Monday, December 21, 2015

Caribbean Fiction: A List

It's the time of short days and long nights in Edmonton. Join me in an escape to tropical island settings, creole cultures and vibrant socio-political histories with these novels by Caribbean authors.

In the Time of the Butterflies by Julia Alvarez
A novel of political oppression based on the real lives of sisters who were martyred in 1960 during the rule of General Trujillo in the Dominican Republic.

Land of Love and Drowning by Tiphanie Yanique
A lush intergenerational epic that begins in 1917 when control of the Virgin Islands were transferred from Denmark to the USA.

The Polished Hoe by Austin Clarke
A woman's confession of murder in 1952 Bimshire (Barbados) leads to a moving exploration of the island's rich and tragic history.

The Long Song by Andrea Levy
In a wry, saucy voice that brooks no nonsense, July Goodwin tells of her life that began in slavery in the 1800s on a Jamaican sugar cane plantation. My longer review is here.

Moving Forward Sideways Like a Crab by Shani Mootoo
Jonathan's search for a parent he hasn't seen since he was nine takes him from Canada to Trinidad in this moving portrayal of gender identity and the immigrant experience. My longer review is here.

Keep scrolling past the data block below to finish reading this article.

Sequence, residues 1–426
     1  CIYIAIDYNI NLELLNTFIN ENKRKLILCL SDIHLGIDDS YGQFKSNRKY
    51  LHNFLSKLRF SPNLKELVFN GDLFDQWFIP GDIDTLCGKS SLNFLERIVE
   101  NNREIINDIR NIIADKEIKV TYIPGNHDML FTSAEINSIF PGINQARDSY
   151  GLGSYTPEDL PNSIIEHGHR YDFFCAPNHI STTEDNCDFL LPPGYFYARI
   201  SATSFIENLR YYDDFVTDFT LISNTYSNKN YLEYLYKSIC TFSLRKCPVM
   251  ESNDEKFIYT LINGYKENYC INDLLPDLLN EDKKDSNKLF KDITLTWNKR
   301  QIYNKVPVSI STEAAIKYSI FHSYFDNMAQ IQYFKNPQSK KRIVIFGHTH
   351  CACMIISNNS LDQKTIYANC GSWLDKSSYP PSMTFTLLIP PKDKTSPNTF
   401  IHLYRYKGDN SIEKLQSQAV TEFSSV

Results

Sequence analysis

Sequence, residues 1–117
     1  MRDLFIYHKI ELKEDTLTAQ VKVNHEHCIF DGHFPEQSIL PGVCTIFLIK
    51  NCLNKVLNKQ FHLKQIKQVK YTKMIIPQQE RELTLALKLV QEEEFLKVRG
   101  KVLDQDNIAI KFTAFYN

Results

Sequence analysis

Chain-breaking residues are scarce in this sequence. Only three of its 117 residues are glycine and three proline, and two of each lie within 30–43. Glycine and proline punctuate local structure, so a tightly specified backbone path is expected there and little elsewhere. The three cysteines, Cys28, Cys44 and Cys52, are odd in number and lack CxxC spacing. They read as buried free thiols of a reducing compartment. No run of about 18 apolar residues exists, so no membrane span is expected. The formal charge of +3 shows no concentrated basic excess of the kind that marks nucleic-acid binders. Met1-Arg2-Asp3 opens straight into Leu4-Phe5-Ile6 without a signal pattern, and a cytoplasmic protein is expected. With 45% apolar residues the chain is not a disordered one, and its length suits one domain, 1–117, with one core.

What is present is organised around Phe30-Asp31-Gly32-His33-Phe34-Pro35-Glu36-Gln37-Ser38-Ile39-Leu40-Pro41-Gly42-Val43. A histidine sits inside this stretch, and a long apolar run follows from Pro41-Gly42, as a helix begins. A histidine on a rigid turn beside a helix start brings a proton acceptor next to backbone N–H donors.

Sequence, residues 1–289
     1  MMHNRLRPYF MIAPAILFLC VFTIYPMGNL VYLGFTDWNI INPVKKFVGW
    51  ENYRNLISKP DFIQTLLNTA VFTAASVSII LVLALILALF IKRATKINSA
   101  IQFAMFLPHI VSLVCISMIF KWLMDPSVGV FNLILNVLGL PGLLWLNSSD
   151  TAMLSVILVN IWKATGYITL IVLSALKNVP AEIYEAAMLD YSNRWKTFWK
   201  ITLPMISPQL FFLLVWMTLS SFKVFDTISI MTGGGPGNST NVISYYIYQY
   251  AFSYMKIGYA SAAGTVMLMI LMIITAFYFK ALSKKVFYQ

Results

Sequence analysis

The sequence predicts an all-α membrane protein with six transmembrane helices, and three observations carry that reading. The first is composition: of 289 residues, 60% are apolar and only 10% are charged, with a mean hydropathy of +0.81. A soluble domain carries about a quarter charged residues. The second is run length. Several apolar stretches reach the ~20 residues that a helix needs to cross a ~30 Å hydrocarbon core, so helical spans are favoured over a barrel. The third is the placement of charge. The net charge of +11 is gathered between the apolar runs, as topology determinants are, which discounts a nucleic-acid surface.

Claire of the Sea Light by Edwidge Danticat
A radiant portrait of a Haitian community, told in interlinked stories that center around a seven-year-old girl who disappears from her village. My longer review is here.

This Is How You Lose Her by Junot Diaz
Yunior, the irresistible Dominican Don Juan with a foul mouth, whom Diaz introduced in his earlier books, returns in many of these dazzling stories. I previously reviewed another of Diaz's books, The Brief Wondrous Life of Oscar Wao.

Cuba, My Revolution by Inverna Lockpez and Dean Haspiel with Jose Villarrubia
A fictionalized memoir by a woman whose idealism at 17 gradually faded after Fidel Castro came to power in Cuba. Told in graphic novel format with blocky, surrealist artwork in shades of grey and red. My longer review is here.

A Brief History of Seven Killings by Marlon James
Winner of the Man Booker Prize, this story centers around the attempted assassination of Bob Marley. The audiobook, read by an ensemble cast, is an ideal way to experience the multiple voices and the Jamaican patois. A Brief History of Seven Killings also won the Green Carnation Prize, which is awarded to LGBT writers for any form of literature. My longer review is here.

I created this list for the Edmonton Public Library, where you can find it with live links  directly to the titles in the library's catalogue.

1 comment:

Anonymous said...

Interesting list! I've had a few of these books on my TBR, but you've brought a few new books to my attention.